That’s what happens when Justices legislate from the bench.
That’s what happens when Justices make decisions based on their personal policy preferences, or what’s in their “heart,” rather than on the Constitution and the law.
The last thing we need is to further politicize the process and the court.
So, I just want to make sure everyone understands what all of this “outrage” is really about. It’s about making this process as political as possible.
We aren’t going to let that happen to the court, the nominee, or the nation.
We’re going to have a debate about what kind of Justice the American people want on the Supreme Court.
That’s what the American people deserve.
And that’s why we’re going to let the people decide.
Beyond just one justice, there's an even more basic debate here.
Because at my town meetings often somebody will come in very outraged about why I won’t impeach those Supreme Court justices. They say “they're making law instead of interpreting law. How come you put up with that?”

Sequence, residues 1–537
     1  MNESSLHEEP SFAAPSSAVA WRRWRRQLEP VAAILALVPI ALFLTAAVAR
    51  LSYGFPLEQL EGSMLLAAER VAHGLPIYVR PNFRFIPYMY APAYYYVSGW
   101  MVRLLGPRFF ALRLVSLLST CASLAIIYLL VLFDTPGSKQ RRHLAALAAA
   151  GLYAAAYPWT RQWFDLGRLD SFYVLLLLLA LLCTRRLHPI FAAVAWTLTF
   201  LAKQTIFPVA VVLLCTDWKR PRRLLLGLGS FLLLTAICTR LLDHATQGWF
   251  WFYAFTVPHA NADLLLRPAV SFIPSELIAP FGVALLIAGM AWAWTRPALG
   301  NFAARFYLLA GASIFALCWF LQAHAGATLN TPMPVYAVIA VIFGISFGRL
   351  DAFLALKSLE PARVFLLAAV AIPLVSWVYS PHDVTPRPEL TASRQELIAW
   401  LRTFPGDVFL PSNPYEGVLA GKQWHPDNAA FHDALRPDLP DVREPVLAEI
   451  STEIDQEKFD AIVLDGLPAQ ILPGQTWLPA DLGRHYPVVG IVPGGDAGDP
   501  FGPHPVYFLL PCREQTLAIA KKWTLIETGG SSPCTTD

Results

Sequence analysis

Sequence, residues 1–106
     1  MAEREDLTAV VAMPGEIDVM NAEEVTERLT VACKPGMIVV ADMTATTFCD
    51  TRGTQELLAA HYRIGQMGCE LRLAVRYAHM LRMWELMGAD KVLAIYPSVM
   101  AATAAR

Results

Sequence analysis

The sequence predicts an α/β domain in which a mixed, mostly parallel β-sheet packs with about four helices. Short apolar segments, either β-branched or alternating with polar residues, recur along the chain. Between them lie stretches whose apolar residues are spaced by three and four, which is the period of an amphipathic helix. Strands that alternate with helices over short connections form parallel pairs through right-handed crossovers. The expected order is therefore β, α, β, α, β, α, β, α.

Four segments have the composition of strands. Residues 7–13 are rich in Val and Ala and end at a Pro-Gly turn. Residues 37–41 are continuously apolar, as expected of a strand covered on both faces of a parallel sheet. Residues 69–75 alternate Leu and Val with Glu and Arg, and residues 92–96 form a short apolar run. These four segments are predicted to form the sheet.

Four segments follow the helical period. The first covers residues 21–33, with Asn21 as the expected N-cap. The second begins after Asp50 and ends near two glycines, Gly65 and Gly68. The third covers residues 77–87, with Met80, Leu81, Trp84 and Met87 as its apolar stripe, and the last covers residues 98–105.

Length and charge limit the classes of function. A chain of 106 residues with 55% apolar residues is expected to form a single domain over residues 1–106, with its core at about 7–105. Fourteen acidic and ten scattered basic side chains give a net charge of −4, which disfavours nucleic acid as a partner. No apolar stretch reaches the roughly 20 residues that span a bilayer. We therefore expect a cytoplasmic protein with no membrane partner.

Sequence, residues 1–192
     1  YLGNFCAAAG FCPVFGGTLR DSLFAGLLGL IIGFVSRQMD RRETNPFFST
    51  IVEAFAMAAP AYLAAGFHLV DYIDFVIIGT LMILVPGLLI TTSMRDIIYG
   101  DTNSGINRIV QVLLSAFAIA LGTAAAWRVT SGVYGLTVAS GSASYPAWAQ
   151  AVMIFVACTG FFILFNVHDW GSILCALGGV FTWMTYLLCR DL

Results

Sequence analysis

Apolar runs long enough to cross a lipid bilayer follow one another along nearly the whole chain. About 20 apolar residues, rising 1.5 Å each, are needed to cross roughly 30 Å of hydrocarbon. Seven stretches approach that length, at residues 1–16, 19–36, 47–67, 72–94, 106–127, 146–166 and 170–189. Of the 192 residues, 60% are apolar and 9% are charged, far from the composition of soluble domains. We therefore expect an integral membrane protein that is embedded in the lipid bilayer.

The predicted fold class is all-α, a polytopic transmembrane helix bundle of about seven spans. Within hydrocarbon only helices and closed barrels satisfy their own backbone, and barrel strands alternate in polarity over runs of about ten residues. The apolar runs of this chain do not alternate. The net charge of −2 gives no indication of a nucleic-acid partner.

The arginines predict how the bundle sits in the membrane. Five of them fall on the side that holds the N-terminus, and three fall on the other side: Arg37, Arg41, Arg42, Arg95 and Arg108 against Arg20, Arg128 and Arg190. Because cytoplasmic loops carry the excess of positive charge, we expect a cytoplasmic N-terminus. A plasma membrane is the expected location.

So we can have a debate between the Republican nominee and the Democrat nominee on what is the constitutional role of the court.
And we can have a debate about whether as the President says, we want somebody who expresses empathy and understanding of people's problems.
As we all know, that's not the purpose of the judicial branch of government.
That branch of government isn't supposed to let their personal feelings be involved whatsoever.
The President should not encourage that of justices he appoints.
Their job is to look at what the law says, the Constitution says, the facts of the case, and make that impartial judgment.
It would even go to the point of a justice appointed to the Supreme Court by a Republican who, when issued a decision that somehow the Affordable Care Act didn't fit into what Congress could do under interstate commerce, because then maybe that case could not be approved.
But that justice then decides to go to the taxing powers of the federal government instead. That’s a way that this President can have his legacy approved.
Now, that's a justice nominated by a Republican president who said that.
Those justices were trying to find all kinds of ways to do what you want to do as opposed to what the Constitution requires or what Congress wrote in legislation.
It would be nice to have a debate between a Democrat nominee and a Republican nominee, whether we have two, three, four national debates, or whether they have hundreds of appearances around the country, to have these basic constitutional issues discussed.
Then let the people decide.
Not just on one justice, but what the role is of the Supreme Court, or the courts generally, in our constitutional system.
I yield the floor.